confession of spikeness: massing C14

Spike Jones (
Sat, 23 Oct 1999 11:29:54 -0700

Robert J. Bradbury wrote: So we could in general "lighten up" about

> things. It might be much better if we explored the realms of
> our inquiries with the perspective of Zen masters rather than
> that of primitive mercenaries.

He*was* lightening up Robert. Jeff and I are friends in the material world, offlist. He knows I love jokes and gags and that I dont take my dignity very seriously. {8^D

Which brings me to *my* retraction {8-[ blush {8^D: Just yesterday, I *almost* posted the notion that a nanobot would be unable to tell the difference between a desireable carbon 12 atom and an explosive carbon 14. You said it could "weigh" the carbon, throw out the bad guys, etc, and my reply could be summarized as: "huh?"

This morning I realized you are right: a nanobot *could* mass a carbon atom, and heres how: it could make a short carbon nanotube, hemispherical on either end to make a closed cylindrical capsule, with only the candidate carbon atom *inside* the tube. Then it could place a positively charged atom on either end of the tube. A halogen such as potassium might do the trick, because it would be likely to maintain a positive charge. Then if the candidate carbon atom inside the tube were to get ionized (1+), it would repel the ends of the tube. The ionization process would give it some momentum, so the carbon atom should bounce back and forth from one end of the tube to the other. Right?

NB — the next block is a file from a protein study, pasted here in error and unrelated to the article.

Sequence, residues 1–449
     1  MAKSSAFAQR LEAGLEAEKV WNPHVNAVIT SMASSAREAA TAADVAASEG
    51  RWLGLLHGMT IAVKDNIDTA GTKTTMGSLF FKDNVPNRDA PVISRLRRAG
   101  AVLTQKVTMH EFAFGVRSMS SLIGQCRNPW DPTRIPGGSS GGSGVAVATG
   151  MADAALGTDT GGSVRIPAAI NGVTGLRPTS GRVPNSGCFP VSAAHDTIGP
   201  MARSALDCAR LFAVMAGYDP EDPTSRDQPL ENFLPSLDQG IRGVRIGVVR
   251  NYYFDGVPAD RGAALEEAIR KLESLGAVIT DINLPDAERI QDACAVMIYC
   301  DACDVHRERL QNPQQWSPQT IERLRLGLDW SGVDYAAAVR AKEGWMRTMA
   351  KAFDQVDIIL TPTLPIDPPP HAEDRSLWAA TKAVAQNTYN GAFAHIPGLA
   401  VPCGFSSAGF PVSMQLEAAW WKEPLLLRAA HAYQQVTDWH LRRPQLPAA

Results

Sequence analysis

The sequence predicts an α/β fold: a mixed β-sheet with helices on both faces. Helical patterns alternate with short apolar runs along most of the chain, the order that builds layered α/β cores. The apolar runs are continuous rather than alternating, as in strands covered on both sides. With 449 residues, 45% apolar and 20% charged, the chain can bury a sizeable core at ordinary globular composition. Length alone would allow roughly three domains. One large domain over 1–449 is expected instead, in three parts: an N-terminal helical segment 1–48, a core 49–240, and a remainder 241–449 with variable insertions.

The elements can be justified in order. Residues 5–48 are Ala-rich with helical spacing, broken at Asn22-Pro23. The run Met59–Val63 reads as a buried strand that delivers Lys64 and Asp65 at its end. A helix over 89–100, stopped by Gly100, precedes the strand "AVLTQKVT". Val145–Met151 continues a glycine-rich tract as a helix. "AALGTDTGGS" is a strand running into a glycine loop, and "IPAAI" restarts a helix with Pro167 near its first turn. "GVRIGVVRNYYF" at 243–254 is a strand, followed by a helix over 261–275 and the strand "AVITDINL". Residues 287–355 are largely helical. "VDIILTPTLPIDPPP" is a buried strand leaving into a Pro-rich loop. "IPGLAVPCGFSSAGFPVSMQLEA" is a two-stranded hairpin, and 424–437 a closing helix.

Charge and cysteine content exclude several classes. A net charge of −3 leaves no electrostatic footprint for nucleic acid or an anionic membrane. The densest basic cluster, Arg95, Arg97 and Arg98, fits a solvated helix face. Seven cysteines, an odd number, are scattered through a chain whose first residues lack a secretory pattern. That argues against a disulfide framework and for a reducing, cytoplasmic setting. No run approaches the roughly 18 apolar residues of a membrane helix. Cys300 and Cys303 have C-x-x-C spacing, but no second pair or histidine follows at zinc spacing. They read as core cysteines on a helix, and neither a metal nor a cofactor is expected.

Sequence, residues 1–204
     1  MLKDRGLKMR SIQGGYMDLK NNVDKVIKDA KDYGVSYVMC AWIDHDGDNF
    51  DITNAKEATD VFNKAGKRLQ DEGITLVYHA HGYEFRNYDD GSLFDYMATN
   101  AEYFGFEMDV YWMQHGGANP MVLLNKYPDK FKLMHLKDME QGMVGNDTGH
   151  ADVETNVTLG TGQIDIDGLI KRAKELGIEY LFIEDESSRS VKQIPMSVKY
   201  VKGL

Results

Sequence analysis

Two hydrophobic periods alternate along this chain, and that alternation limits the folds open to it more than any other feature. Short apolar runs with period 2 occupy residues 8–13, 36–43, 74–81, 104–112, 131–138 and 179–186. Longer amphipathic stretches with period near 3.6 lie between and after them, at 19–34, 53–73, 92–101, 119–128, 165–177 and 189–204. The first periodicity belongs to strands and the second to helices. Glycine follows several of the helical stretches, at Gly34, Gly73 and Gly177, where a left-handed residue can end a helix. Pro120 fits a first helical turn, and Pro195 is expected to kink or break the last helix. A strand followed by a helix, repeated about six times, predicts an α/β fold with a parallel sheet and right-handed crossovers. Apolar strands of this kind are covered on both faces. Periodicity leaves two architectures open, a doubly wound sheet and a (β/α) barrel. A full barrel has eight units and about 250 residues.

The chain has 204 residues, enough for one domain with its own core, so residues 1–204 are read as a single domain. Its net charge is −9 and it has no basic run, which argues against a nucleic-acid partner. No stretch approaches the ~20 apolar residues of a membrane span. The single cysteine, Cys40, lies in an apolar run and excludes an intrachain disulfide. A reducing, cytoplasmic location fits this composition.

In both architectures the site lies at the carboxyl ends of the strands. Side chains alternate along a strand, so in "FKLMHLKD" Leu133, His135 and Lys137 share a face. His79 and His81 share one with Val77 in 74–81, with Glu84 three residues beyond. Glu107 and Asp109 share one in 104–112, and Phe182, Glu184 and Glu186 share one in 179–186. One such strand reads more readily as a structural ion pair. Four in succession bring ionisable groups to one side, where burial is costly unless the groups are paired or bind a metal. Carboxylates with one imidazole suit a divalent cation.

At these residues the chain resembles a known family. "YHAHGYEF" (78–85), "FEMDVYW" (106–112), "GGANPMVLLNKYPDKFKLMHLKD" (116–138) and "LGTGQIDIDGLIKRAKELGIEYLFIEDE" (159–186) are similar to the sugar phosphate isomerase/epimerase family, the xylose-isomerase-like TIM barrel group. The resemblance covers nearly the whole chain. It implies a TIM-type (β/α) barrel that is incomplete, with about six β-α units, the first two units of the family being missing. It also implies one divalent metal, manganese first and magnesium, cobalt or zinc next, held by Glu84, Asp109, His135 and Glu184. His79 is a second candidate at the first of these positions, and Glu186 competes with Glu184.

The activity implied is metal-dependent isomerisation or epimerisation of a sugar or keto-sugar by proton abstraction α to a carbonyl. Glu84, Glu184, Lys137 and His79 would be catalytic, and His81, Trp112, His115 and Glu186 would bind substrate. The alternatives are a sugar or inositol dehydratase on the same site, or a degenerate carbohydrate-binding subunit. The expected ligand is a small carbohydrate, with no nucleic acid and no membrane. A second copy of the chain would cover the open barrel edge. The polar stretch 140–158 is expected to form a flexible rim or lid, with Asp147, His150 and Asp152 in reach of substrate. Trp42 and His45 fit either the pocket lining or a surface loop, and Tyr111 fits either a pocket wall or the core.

Now, the *chemical* properties of a 14C are identical to a 13C or a 12C, but the mass is higher, so looks to me like the frequency at which the atom bounces from end to end of the tube would be proportional to the inverse square root of the atom's mass, so the carbon 14 should bounce back and forth about 8% slower than a carbon 12 atom. Some nanoexpert could jump in any time here and help me out {8-]. A nanobot *can* filter out the bad guys! Using this simple nanoslinky.

If this idea is 800 years old, I still claim to have thought it up independently. If it is new, I hereby cast it into the public domain, and ask that no one patents the notion. {8^D spike